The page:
During oral arguments on April 23, the company argued the courts should have to follow the tougher, traditional standard when considering whether to order the reinstatement of fired employees. The courts should follow the four-factor test used outside Tennessee and the 6th Circuit instead of opting for the easier-to-meet reasonable cause test.

“What [Starbucks] wants is just a level playing field, the normal injunctive factors that agencies and private parties should get,” company attorney Lisa Blatt told the Supreme Court, responding to a question by Justice Ketanji Brown Jackson.

“So even if the board only sought one injunction … can you please hold that the four factors apply?” the lawyer said.

Justice Clarence Thomas told Ms. Blatt that the government is arguing that the company is using an “ahistorical, decontextualized approach [that] is inconsistent with the statutory text, the basic premises of equity, and over a century of case law.”

Ms. Blatt replied, “I don’t even know where they’re getting that. I mean, this court in Winter and a million other cases have said that these four factors are longstanding, and the clear statement rule goes back to Justice [Joseph] Story,” who served on the court from 1812 to 1854.

In Winter v. Natural Resources Defense Council, the Supreme Court held in 2008 that the four-part test for issuing a preliminary injunction is whether a plaintiff is thought likely to succeed on the merits, whether the plaintiff is likely to suffer irreparable harm in the absence of the injunction, whether the balance of equities and hardships weighs in favor of the plaintiff, and whether the injunction is deemed to be in the public interest.

“Here, we have the four factors,” Ms. Blatt said.

“I don’t even understand the board’s jurisdiction. There are a multitude of contexts where an agency has an adjudication, and if it wants a preliminary injunction, it’s got to make the showing that every other party would have to make,” she added.

Justice Jackson, the sole dissenter in the Glacier Northwest ruling, pushed back, saying that in this case the board is seeking an injunction under a specific provision of the National Labor Relations Act that takes into account “the board’s prerogatives.”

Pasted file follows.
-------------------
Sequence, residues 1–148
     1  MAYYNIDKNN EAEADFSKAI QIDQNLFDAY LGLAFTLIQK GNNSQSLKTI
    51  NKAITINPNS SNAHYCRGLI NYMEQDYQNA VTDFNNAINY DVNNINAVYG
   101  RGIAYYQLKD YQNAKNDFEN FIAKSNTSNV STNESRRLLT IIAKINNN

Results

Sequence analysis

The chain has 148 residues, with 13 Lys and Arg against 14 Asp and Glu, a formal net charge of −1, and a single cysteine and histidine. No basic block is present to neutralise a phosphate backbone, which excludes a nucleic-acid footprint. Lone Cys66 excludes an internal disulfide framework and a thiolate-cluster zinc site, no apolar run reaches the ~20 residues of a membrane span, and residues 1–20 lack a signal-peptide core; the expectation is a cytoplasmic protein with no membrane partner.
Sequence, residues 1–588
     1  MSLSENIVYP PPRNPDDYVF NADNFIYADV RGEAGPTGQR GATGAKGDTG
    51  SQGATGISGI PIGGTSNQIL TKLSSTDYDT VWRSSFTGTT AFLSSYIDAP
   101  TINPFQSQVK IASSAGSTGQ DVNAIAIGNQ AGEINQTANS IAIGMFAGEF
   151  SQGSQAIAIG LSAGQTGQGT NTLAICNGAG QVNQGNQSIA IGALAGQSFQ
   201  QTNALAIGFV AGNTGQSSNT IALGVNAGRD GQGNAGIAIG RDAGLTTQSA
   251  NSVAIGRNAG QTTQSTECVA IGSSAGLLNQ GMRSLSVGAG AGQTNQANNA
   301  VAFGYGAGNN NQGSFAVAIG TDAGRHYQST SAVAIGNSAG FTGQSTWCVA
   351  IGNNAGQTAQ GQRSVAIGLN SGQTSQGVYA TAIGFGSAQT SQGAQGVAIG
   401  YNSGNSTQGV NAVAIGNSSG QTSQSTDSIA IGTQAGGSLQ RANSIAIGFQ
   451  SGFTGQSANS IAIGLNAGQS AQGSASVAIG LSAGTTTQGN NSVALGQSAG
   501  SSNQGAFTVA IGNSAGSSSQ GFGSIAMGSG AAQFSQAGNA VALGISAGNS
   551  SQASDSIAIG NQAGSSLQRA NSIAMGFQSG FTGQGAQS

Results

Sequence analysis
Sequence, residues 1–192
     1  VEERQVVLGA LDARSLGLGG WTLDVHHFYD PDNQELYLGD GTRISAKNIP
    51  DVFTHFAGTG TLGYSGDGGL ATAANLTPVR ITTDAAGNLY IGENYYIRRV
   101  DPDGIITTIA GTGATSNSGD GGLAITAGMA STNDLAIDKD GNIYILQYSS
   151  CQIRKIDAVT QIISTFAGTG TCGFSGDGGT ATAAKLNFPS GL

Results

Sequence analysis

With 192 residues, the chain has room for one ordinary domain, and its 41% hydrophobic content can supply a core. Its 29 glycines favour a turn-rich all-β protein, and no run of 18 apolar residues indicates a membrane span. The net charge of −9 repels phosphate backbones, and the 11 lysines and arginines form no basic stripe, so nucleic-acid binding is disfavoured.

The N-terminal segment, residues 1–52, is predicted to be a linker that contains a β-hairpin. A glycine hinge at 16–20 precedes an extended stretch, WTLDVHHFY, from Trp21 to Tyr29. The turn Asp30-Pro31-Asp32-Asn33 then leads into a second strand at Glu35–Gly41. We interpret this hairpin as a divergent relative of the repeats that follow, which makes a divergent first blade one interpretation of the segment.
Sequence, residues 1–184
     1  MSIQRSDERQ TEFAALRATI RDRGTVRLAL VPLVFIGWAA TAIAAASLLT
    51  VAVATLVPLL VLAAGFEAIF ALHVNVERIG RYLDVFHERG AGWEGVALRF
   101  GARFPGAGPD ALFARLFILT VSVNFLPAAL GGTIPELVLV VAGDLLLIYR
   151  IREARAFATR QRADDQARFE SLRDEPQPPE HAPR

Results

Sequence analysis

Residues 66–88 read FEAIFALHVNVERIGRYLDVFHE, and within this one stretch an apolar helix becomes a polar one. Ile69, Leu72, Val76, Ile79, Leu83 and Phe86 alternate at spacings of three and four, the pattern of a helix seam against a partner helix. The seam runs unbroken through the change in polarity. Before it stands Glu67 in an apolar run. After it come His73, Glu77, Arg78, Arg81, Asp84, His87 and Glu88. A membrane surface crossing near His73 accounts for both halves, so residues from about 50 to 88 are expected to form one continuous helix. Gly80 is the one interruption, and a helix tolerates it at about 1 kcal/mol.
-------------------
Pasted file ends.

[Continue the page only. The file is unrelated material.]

Congress authorized the board to make the “unfair labor practice determination in the first instance,” and the preliminary injunction in this case “is not the ordinary [preliminary injunction] that … district courts see,” the justice said.

Ms. Blatt replied, “No, not at all. It is an ordinary preliminary injunction.”

The board doesn’t get “to walk in and get a coercive injunction on the notion that they have a non-frivolous legal theory and the district court is barred from finding facts, it’s barred from weighing witness credibility, and all that matters is the government has not presented a joke,” the attorney said.

Which Test Applies?

Addressing Mr. Raynor, Justice Neil Gorsuch questioned why the government supports using the looser standard for granting injunctions.

“In all sorts of alphabet soup agencies, we don’t do this,” the justice said.

“So why is this particular statutory regime different than so many others?” he added.

Mr. Raynor said the government’s position enjoys plenty of support among the circuit courts, to which Justice Gorsuch pointed out the other side’s position also enjoys ample support in the circuit courts.

Justice Gorsuch said, “I struggle to understand what you’re asking lower courts to do and how it would be unique to the [board’s] context as opposed to others.”

Justice Sonia Sotomayor suggested to Ms. Blatt that the current system empowers the board at the expense of the courts.

“I do understand why that needs to be corrected because you’re right, it’s the court that has to decide the likelihood of merits” regarding allegations of unlawful conduct, the justice said.

Justice Elena Kagan asked “why courts should apply a lower standard.”

Mr. Raynor said the courts should do so because “Congress intended the board to be the primary adjudicator here.”

Justice Kagan replied, “Well, it did intend the board to be the primary adjudicator, but it also gave this power over injunctions to the court.”

The Supreme Court is expected to rule on Starbucks Corp. v. McKinney by the end of June.

From The Epoch Times